The productivity of business operations can make or break your company. High productivity doesn’t happen by itself. However, dramatic improvements are common when you apply correct principles to elevate your people and processes.
Early in my career, and coming as a pleasant surprise, I doubled productivity in a manufacturing environment by applying some of the principles below. At the time, I was amazed by the results. It seemed like a miracle. Now I understand the productivity gains as simple Cause and Effect.
How to Create a Productive Workforce
- Be sure that each employee is a good fit to their work assignment. Keep in mind that people perform at their highest potential only when they are focusing on the most valuable use of their time. Avoid using highly-paid people for lower-value work.
- Invest in the learning and growth of your workforce. Provide clear job descriptions, relevant training (80% hands-on, 20% classroom), and educational activities such as in-house workshops. Tom Peters said, "If your company is doing well, double your training budget; if your company is not doing well, quadruple it!”
- Set performance standards, stretch-goals, and schedules or deadlines that engage workers and give them a target to shoot for. Productivity increases as people get closer to the goal, so make them short-term. Hold workers accountable for their results.
- Develop a business culture where productivity is recognized and rewarded. (This begins by putting people into effective business systems and processes.) Turn work into a game and keep score; people work harder at play than they do at work. Add incentives, fun, team competition, and don’t forget to celebrate victories. “When employees are happy, they are more creative and productive" (Daniel Gilbert, “January-February 2012 Harvard Business Review”).
- Measuring performance drives productivity and improvement. “When performance is measured, performance improves. When performance is measured and reported, the rate of improvement accelerates” (Thomas Monson, business/religious leader). Be sure to identify and carefully monitor your key performance indicators.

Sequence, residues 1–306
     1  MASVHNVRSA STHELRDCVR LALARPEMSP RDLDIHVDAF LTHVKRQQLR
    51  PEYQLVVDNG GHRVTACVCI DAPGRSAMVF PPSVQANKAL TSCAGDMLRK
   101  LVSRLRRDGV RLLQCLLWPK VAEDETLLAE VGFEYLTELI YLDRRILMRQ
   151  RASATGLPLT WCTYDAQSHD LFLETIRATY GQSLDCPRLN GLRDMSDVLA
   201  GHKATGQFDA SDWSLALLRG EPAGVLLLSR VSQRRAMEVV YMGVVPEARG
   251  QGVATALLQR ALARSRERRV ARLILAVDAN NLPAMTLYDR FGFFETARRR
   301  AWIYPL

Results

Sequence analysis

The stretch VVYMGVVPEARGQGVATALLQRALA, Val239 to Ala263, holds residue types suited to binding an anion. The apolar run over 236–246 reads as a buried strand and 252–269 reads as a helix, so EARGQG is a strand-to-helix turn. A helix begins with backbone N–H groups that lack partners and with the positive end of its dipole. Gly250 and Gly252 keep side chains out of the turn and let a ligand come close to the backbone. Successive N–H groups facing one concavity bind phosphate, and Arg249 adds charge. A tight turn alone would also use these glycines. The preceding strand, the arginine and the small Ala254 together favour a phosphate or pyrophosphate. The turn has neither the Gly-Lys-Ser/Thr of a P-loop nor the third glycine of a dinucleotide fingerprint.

- To improve the productivity of any business activity, increase the frequency of performance feedback to those engaged in the activity; the more frequent the feedback, the better the results. It is best when workers know where they stand in relation to goals, without waiting for others to tell them.
- Create small work-group teams that bring added resources, talents, ideas, and energy toward the accomplishment of organizational goals. (The whole really is greater than the sum of its parts!) Teamwork tends to bring the best out in people and is essential in any great human endeavor.
- Focus-Finish-Focus-Finish. Multi-tasking, “wearing multiple hats,” or being “spread too thin” are signs of a start-stop work-flow that destroys continuity, momentum and productivity. When people focus on one task at a time, they are most efficient at getting work done.
- Address negative attitudes or personal issues of employees. For example, take action if they don’t like their job, supervisor, or co-workers, or when they have individual or family problems. Stop excessive chit-chat, personal phone calls, or wasting time on the Internet. These productivity busters will also diminish the effectiveness of co-workers!
- Avoid administrative meetings that kill time for a lot of people. Instead, use email or memos to keep people informed. The meetings that boost productivity include job training and process improvement or business improvement workshops.
Best Productivity Tip of All
Creating a work environment with good business systems and the ten productivity boosters described above will encourage discipline and excellence, and put more money in the pockets of you and your stakeholders—GUARANTEED!
Now, here is a bonus tip: When people enjoy their work and are performing at their best, they will also stay with the company longer. Retention of good people is perhaps the best productivity booster of all.